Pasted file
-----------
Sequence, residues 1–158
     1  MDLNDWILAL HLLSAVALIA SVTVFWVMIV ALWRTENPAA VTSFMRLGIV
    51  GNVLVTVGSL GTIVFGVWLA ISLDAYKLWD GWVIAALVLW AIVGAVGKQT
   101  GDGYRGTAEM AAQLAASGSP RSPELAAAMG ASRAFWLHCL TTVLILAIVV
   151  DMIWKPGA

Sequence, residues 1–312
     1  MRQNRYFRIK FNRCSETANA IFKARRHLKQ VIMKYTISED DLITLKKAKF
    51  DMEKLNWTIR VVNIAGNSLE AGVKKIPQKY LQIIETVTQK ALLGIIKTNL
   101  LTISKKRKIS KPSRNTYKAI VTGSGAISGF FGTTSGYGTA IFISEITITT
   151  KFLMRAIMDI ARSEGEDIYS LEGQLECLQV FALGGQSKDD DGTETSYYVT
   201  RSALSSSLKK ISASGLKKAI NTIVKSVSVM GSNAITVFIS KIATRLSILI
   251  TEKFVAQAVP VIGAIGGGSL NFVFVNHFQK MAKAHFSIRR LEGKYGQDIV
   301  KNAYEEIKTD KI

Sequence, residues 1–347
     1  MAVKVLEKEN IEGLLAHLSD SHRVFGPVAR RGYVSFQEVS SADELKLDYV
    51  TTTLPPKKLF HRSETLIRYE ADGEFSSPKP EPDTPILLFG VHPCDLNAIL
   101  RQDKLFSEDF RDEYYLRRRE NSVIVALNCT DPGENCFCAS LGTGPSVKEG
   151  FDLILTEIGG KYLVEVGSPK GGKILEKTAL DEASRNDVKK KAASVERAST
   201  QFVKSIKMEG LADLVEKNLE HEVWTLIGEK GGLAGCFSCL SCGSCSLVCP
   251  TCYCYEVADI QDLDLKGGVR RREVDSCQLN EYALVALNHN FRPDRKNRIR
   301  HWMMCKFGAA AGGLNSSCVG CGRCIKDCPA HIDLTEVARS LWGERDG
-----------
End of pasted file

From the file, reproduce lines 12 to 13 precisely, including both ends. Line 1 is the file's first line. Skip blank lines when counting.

   251  TEKFVAQAVP VIGAIGGGSL NFVFVNHFQK MAKAHFSIRR LEGKYGQDIV
   301  KNAYEEIKTD KI